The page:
Cheat Sheet Q&A:
Today’s topic: Making sense of economic gobblygook
I am trying to find out exactly what “seasonally adjusted” means when the government and other agencies release data. I’ve seen a few interpretations but it’s still not clear.
What economic numbers are seasonally adjusted and what does it really mean? GDP? Labor? CPI? Real Estate?
The first quarter GDP was a .1% increase but Goldman and others are expecting the first or second revision to be a contraction. It is my understanding that the full year GDP for calendar 2013 was under the GDP for 2012
It is also my understanding that in the 80’s, US debt was about 30% of GDP and now Debt is over 100% of GDP. Is this accurate?
Bottom Line: Ok so there are several parts to these questions. Let’s break them down. First up the seasonal factors…
Let’s say that you were an alien beamed down to the United States and monitored the economy. You didn’t know anything about our society. You were observing the economy and how much money we spend at stores. Then suddenly in November and early December you saw something extraordinary happen. The Americans people started spending significantly more money in stores than they had been spending. Without context you might think that the economy was going into an extreme economic boom. Us native types clearly know that’s it’s the holiday shopping season and will be a short lived spike in shopping activity.
Seasonal factors take all of those “every year” type of factors into account so we can really determine if the economy is doing better or worse than usual and by how much. Among key seasonal factors, weather seasons, holidays and one time events in key industries. Next up… GDP growth.
So US GDP did only grow at .1% in the first quarter of 2014 (before revisions) and most economists do believe that by the time the dust settles the economy will have contracted for the first three months of 2014. With regard to 2012 and 2013 economic growth…
- 2012 Economic growth was 2.8%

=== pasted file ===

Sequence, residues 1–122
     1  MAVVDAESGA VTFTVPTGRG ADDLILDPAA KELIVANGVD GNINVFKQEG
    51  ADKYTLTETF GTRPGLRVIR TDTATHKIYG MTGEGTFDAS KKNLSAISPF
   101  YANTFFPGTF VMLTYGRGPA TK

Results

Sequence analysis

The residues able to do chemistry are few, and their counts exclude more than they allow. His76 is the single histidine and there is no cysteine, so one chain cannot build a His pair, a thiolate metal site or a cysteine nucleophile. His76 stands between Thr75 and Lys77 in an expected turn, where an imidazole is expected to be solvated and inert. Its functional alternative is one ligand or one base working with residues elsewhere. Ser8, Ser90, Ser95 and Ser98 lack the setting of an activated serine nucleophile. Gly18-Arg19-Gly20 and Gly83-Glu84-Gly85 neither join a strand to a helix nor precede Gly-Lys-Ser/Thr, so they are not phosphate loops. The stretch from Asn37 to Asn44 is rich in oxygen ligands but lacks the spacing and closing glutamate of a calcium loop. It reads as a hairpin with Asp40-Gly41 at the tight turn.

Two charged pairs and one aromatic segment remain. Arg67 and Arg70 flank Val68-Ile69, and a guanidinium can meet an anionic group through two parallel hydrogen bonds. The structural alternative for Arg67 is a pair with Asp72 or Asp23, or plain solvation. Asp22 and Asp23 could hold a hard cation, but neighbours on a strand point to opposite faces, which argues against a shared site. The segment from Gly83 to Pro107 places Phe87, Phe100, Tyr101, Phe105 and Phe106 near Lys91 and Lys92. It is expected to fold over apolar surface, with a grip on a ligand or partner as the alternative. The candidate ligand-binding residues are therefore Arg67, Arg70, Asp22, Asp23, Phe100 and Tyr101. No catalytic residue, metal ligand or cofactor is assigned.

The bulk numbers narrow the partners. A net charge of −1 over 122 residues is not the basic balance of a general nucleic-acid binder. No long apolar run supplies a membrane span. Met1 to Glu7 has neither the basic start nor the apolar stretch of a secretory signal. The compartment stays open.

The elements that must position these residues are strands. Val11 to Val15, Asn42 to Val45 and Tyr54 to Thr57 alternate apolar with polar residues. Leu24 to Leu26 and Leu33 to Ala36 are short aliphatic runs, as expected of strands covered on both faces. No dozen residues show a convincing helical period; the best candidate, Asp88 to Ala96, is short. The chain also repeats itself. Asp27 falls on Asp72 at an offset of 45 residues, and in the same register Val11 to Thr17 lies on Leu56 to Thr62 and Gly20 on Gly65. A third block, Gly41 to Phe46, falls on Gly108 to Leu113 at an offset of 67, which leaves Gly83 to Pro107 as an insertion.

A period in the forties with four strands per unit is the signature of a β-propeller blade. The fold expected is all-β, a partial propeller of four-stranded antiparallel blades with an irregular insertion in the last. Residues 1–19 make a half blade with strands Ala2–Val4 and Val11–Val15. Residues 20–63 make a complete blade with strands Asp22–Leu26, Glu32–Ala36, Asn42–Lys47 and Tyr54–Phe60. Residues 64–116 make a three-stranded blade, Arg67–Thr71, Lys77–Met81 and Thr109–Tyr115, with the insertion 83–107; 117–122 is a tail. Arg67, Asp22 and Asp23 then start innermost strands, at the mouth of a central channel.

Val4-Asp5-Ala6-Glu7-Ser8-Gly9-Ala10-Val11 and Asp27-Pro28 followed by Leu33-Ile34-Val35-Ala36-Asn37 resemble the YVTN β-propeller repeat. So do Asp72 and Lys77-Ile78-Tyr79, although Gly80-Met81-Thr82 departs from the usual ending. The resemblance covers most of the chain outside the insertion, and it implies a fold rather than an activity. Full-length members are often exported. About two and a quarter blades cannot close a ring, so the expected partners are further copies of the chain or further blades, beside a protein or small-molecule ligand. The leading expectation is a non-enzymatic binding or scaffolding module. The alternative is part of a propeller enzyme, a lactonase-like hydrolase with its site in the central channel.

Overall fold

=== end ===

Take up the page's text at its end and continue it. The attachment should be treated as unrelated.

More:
- 2013 Economic growth was 1.9%
Indeed the economy did slow last year and only continue to in early 2014. It’s widely expected that we’ll see a significant second quarter bounce. I’m of the mindset that we’ll see 2.5 to 3% growth. And last but not least debt to GDP.
It’s true that debt to GDP was in the 30% range during the 80’s – though it was on a steady rise. In 1980 US debt to GDP was at 32%. By 1990 it was up to 50%. And it’s now true that debt to GDP is at about 100%. At the end of 2013 US debt to GDP was at 99%.
Hope that helps…
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What you need to know before you rent a car:
Bottom Line: GM just set a record for recalls in a year for an American auto company with 13 million vehicles having been recalled already (previously the record had been 10.7 million) and it’s only May. As you likely know many other auto company also have had recent recalls. All of this recall activity has put a big strain on the rental car industry.
Most of the major rental car companies have built in deals with dealers so that when the dealers need a rental for a customer who is having their recalled vehicle fixed, they provide a loaner to the customer. The overwhelming rush of recalled vehicles and demand for rental cars had led to wide spread shortages of rental cars around the country.